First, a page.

Abstract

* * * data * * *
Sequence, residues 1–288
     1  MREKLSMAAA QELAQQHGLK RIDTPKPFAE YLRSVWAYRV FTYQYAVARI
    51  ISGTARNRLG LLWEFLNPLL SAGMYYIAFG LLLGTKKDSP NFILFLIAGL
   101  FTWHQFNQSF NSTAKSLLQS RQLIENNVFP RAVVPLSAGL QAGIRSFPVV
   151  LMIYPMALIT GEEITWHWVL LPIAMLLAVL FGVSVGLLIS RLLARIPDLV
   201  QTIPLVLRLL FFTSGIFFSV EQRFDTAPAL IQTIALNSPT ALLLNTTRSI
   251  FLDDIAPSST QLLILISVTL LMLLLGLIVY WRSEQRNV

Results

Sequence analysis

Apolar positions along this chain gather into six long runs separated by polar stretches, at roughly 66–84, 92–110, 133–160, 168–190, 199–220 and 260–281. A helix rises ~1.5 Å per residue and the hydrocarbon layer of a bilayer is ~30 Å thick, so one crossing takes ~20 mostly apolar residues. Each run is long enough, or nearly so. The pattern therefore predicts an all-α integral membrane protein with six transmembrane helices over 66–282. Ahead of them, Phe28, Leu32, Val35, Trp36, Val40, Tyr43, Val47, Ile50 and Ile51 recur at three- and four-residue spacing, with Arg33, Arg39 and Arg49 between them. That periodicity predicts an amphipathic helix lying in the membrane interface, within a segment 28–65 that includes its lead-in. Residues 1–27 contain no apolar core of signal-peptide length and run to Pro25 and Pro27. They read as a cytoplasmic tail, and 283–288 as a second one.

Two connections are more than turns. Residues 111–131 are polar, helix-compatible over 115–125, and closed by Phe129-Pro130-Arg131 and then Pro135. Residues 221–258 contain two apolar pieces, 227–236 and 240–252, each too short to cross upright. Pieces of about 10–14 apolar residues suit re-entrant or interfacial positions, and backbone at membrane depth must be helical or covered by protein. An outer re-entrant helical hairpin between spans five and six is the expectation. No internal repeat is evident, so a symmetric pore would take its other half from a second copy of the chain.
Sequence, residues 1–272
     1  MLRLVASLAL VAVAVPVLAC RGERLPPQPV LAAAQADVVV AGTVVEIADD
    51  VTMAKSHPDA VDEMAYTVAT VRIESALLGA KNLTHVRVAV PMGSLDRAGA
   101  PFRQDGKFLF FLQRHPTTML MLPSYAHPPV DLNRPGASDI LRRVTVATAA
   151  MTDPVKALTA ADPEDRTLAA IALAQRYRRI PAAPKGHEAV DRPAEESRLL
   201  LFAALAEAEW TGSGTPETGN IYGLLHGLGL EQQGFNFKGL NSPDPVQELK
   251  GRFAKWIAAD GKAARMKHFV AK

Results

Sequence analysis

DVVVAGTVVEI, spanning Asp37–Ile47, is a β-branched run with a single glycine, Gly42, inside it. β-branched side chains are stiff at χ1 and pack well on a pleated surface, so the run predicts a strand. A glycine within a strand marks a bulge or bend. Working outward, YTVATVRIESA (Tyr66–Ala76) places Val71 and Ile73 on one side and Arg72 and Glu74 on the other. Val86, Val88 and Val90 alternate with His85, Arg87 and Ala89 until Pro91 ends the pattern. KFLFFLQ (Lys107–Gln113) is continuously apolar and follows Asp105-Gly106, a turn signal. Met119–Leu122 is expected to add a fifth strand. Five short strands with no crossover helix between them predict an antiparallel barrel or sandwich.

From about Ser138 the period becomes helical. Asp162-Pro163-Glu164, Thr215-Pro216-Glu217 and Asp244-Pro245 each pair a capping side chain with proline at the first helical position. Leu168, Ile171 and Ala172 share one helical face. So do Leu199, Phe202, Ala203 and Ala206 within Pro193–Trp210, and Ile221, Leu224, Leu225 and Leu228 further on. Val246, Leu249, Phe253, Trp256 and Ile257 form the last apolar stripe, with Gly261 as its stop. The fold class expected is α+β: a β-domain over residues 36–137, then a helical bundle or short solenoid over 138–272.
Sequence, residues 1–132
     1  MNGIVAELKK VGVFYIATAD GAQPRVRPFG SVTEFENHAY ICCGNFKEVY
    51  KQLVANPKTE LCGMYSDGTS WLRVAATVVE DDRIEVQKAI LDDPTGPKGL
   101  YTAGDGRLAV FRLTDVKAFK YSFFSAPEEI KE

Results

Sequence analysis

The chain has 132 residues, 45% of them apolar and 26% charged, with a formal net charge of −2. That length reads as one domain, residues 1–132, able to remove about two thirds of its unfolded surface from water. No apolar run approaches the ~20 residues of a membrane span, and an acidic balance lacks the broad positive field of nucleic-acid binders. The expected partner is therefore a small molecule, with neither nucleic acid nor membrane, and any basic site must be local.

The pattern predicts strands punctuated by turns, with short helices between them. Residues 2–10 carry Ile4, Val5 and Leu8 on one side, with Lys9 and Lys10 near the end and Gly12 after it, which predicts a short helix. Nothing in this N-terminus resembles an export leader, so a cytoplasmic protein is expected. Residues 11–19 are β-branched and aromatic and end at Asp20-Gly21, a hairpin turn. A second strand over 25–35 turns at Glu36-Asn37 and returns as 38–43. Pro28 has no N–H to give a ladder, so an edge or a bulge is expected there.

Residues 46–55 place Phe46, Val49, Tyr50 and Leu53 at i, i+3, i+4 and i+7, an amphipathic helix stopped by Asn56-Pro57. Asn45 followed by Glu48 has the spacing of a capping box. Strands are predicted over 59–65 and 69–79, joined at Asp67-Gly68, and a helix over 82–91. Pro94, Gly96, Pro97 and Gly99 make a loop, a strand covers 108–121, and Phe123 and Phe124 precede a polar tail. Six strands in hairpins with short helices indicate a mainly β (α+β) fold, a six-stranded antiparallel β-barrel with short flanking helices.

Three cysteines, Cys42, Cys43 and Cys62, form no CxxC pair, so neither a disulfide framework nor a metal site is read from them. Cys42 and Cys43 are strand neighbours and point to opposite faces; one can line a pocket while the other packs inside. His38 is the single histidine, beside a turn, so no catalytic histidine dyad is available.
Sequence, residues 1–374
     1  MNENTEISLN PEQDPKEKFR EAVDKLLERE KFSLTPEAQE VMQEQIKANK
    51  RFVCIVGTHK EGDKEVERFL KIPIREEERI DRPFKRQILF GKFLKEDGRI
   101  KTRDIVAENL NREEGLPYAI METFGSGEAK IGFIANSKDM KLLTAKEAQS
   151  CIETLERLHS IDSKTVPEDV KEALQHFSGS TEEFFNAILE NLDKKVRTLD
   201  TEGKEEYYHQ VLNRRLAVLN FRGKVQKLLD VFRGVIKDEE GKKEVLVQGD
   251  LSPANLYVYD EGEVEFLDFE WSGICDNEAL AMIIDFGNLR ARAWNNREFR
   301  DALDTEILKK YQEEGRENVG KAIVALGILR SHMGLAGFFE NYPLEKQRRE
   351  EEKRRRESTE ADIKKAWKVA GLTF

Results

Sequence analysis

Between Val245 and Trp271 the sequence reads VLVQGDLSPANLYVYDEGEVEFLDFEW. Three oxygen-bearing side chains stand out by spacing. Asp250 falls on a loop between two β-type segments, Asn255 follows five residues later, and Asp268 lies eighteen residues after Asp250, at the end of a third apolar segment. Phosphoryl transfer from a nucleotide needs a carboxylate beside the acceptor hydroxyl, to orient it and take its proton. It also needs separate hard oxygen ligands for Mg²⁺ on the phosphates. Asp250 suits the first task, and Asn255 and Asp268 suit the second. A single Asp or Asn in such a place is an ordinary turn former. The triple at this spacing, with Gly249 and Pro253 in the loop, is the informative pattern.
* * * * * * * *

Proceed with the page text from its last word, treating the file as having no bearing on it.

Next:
Orienting and motor attention are known to recruit different regions within right and left parietal lobes. However, the time course and the role played by these modules when visual information competes for different motor response are still unknown. To deal with this issue, single-pulse TMS was applied over the angular (AG) and the supramarginal (SMG) gyri of both hemispheres at several time intervals during the execution of a Simon task. Suppression of the conflict between stimulus and response positions (i.e., the Simon effect) was found when TMS pulse was applied 130 msec after stimulus onset over the right AG and after 160 msec when applied over the left AG and SMG. Interestingly, only stimulation of the left SMG suppressed the asymmetry in conflict magnitude between left- and right-hand responses, usually observed in the Simon task. The present data show that orienting attention and motor attention processes are temporally, functionally, and spatially separated in the posterior parietal cortex, and both contribute to prime motor response during spatial conflict.

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